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Indian political cartoonist portrays forced disappearances of Turkey’s purge

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Aseem Trivedi, an Indian free speech activist and cartoonist, has drawn cartoons of 13 Turkish citizens who have allegedly been abducted or disappeared after a coup attempt on July 15, 2016 in Turkey.

The cartoons were published in “Black & White – Online Cartoon Magazine for Human Rights” on Aug. 30 to attract attention to the forced disappearances and massive human rights violations in Turkey and to show solidarity with the victims of an ongoing purge by the Turkish government.

In a written statement on his website, the cartoonist also called on people to raise their voices for the missing people in Turkey.

On this ‘International day of the victims of enforced disappearances’ (August 30), let’s raise our voices for the missing people of Turkey. In the aftermath of the coup attempt last year, at least thirteen people have been abducted allegedly by elements linked to the Turkish government as part of an intimidation campaign targeting critics and opponents of Turkey’s president,” Trivedi stated.

Turkey survived a military coup attempt last July that killed 249 people and wounded more than a thousand others. Immediately after the putsch, the Justice and Development Party (AKP) government along with President Recep Tayyip Erdoğan pinned the blame on the Gülen movement, led by US-based Turkish Islamic cleric Fethullah Gülen. The group denies the accusations.

Hundreds of human tragedies in Turkey have been reported since then.

As a reaction to these tragedies, Trivedi previously drew the cartoons of 15 mothers and their newborn babies who have been detained or arrested by the Turkish government on coup charges either when they were pregnant or shortly after giving birth.

Triverdi released the cartoons with a note that read: “Turkish government has systematically been detaining women on coup charges either when they are pregnant or shortly after giving birth. At least 16 cases have so far been reported.”

Turkish officials have systematically been detaining women over alleged links to the Gülen movement either when they are pregnant or shortly after giving birth.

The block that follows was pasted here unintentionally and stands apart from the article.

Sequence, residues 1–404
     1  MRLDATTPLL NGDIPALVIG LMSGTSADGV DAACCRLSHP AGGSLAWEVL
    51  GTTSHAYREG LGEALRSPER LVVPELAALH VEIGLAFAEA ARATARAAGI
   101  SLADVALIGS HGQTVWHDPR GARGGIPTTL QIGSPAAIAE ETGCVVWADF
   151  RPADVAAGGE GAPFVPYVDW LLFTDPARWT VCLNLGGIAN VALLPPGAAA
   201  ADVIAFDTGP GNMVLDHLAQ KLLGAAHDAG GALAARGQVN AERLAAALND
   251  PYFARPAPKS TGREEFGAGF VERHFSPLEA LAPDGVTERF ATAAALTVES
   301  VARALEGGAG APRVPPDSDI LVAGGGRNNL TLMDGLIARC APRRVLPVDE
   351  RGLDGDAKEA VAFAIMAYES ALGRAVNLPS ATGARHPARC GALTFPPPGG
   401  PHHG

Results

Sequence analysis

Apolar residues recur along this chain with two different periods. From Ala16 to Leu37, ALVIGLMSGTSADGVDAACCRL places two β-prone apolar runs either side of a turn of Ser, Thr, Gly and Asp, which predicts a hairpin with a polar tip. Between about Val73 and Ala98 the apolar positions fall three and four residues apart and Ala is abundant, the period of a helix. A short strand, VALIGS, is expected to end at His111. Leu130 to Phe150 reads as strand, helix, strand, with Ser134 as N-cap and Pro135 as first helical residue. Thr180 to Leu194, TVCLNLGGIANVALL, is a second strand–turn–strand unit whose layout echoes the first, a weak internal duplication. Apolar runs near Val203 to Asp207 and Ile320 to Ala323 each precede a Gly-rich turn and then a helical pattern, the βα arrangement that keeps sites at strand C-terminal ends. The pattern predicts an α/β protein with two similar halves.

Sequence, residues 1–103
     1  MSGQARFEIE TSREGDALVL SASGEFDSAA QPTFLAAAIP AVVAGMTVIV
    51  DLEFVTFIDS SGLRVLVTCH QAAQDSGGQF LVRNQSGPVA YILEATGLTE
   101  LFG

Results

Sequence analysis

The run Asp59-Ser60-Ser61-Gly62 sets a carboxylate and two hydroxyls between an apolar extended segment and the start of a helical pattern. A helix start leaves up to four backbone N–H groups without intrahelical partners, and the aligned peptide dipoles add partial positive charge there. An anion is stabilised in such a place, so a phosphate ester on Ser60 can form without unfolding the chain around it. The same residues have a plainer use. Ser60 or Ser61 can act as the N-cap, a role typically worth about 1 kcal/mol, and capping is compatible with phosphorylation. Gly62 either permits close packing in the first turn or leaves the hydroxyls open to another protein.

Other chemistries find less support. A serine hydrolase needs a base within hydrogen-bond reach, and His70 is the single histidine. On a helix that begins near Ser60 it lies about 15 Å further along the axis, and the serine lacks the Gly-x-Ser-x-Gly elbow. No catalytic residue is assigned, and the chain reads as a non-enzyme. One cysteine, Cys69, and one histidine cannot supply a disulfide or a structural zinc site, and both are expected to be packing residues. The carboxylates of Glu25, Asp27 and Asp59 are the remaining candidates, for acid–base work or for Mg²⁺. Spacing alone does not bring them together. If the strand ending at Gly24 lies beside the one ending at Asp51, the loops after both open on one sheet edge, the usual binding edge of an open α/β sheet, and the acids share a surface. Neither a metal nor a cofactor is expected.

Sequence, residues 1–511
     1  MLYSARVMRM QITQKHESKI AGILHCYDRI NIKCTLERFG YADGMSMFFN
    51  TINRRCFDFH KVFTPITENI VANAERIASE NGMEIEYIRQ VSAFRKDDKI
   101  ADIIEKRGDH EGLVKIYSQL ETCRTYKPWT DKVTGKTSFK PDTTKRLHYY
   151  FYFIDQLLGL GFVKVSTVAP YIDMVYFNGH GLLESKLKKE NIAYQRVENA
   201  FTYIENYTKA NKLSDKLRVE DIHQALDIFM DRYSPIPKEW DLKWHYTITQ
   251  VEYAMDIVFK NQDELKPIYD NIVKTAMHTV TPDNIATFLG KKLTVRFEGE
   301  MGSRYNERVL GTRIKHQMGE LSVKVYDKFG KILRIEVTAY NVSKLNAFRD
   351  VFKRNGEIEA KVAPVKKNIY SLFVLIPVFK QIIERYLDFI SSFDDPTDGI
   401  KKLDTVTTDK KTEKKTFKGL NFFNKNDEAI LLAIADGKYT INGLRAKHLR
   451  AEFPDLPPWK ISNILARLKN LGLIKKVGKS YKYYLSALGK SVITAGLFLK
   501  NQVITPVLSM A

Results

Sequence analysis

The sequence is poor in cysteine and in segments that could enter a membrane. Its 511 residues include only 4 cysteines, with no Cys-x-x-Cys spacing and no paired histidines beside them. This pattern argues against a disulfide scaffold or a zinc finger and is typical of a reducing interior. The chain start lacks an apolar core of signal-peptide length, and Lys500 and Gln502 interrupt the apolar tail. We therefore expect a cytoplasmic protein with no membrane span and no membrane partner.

In June, teacher Esra Demir was detained a day after giving birth in Batman.

In May, Aysun Aydemir, an English teacher who gave birth to a baby by cesarean procedure, was detained at the hospital for links to the Gülen movement and subsequently arrested by a court and put in pretrial detention with a three-day-old baby in Zonguldak province.

In late January, Fadime Günay, who had just given birth, was detained by police at Antalya’s Alanya Başkent Hospital as part of the same witch-hunt.

In early January, Ş.A., a former private school teacher and mother of a week-old premature infant, was taken into police custody over links to the movement while she was on her way to the hospital to feed the baby.

A day after Ş.A. was taken into police custody, another mother known as Meryem gave birth to twins by C-section at a hospital in Konya and was detained by police despite doctors’ reports that she should not travel and was taken to Aksaray from Konya in a police car.

According to recent data released by the Ministry of Justice, more than 2,250 mothers are held in penal institutions, of whom 520 are obliged to raise their 0 to 6-year-old children in prison.

A total of 138,148 people have been dismissed from their jobs, 118,235 detained and 55,927 arrested as part of a government crackdown following the failed coup last summer, a tally by TurkeyPurge.com said. (Turkey Purge)

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